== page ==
Radar Design Principles: Signal Processing and the Environment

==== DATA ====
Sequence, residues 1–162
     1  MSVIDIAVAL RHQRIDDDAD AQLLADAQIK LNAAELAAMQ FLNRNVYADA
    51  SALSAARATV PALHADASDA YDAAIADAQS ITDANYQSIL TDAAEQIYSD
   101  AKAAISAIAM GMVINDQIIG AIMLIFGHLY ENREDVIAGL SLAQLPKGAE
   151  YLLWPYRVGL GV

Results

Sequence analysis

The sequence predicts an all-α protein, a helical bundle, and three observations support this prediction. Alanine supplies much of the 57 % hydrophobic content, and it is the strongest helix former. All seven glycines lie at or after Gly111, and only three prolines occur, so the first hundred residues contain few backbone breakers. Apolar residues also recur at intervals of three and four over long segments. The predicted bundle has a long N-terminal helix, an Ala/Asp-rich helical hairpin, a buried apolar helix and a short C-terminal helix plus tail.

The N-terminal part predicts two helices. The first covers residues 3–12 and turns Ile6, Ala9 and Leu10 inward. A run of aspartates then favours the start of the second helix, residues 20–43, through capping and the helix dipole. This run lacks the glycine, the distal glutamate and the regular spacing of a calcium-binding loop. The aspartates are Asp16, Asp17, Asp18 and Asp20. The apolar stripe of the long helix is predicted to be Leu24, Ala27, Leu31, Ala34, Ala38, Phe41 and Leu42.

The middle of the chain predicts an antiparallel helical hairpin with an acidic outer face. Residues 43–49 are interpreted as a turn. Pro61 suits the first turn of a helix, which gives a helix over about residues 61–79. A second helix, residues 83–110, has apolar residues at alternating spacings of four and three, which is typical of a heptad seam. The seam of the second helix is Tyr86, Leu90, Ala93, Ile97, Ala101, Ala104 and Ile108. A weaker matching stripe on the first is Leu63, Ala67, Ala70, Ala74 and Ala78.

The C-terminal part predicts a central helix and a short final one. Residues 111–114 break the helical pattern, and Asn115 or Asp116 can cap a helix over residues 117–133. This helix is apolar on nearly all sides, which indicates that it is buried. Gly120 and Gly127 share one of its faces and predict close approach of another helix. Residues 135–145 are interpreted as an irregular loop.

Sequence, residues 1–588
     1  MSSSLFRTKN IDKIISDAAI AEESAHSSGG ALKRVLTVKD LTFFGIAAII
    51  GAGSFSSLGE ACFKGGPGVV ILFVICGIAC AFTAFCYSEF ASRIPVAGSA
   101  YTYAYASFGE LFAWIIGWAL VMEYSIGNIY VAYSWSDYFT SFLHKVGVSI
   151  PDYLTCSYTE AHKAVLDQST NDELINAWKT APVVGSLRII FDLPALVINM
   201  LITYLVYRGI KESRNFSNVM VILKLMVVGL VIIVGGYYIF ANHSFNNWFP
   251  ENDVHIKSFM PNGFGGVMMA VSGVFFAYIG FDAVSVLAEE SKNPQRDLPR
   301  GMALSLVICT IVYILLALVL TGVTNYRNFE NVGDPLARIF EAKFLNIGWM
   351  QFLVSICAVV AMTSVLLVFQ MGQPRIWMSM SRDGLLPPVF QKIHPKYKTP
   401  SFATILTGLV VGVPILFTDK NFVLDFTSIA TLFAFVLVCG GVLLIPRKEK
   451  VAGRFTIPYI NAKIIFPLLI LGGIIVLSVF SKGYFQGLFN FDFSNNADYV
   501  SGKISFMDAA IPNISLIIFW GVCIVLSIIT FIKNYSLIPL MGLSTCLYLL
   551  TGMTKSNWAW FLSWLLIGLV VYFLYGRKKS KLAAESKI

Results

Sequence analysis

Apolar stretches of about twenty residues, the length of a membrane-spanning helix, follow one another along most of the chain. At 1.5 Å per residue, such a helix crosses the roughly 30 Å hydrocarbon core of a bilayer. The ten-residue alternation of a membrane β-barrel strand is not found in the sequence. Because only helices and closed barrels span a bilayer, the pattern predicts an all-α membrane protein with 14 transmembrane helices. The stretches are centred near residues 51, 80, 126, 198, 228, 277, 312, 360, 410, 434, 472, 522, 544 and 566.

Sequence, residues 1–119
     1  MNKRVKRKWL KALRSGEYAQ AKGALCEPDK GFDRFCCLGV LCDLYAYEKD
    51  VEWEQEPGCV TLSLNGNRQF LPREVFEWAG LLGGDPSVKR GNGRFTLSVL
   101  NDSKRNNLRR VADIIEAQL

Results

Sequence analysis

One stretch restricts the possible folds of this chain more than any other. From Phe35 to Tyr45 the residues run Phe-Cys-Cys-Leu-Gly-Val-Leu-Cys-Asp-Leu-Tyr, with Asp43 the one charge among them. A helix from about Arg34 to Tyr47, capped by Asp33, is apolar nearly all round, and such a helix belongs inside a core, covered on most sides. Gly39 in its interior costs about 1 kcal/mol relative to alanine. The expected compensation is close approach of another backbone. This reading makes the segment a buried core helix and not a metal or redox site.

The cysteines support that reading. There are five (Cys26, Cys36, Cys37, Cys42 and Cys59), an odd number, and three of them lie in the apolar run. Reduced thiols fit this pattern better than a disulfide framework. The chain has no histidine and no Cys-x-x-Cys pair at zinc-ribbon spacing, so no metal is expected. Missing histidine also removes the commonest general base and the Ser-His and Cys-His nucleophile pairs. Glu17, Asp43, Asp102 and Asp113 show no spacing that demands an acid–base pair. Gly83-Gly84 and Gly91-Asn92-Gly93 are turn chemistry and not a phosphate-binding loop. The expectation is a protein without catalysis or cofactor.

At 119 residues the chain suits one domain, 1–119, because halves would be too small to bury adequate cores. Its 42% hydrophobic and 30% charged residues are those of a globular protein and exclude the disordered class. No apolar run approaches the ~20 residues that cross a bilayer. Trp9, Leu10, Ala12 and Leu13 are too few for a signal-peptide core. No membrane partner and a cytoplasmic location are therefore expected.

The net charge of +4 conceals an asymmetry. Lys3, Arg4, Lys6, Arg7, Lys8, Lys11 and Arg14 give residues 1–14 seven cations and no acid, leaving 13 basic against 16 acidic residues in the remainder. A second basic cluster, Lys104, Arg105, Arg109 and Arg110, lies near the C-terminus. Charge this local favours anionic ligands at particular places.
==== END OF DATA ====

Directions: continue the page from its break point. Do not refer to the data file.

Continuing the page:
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Provides a broad look at modern theory as well as a review of all the developments in practical equipment design and construction in recent years. This resource includes four chapters on detection theory, plus seven on waveforms and signal processing. Other chapters include essential data on radar targets, background, and propagation. Throughout, the emphasis is on radar design to cope with the 'total environment', including unwanted reflections from sea, land, precipitation, chaff, thermal noise, and jamming, rather than using simplified or fragmented design discussions as found in most other text of this type. The author also recognizes that mapping, weather-sensing, terrain avoidance, altimetry, etc. may be designed for single-function radar or as modes of a multifunction radar. The last chapter in the book identifies newer, more specialized radar techniques, such as space-based radar, and describes how to analyze or simulate coherent radars including the limitations and related loss terms.Key features include: Radar targets: detailed treatment of scattering from simple and complex shapes, polarization properties, radar cross-section distributions, and frequency agility effects. Propagation, atmospheric effects, weather and chaff: includes coverage of signal attenuation and scattering in the atmosphere, in precipitation, and in foliage, Backscatter coefficients, uniformity, and spectrum, refraction, and properties of chaff. Sea and land scattering: greatly expanded treatment of backscattering from the sea and land as a function of angle, frequency, polarization, and pulse width, including the properties of sea 'spikes', the effects of ducting conditions on both sea and land reflectivity.

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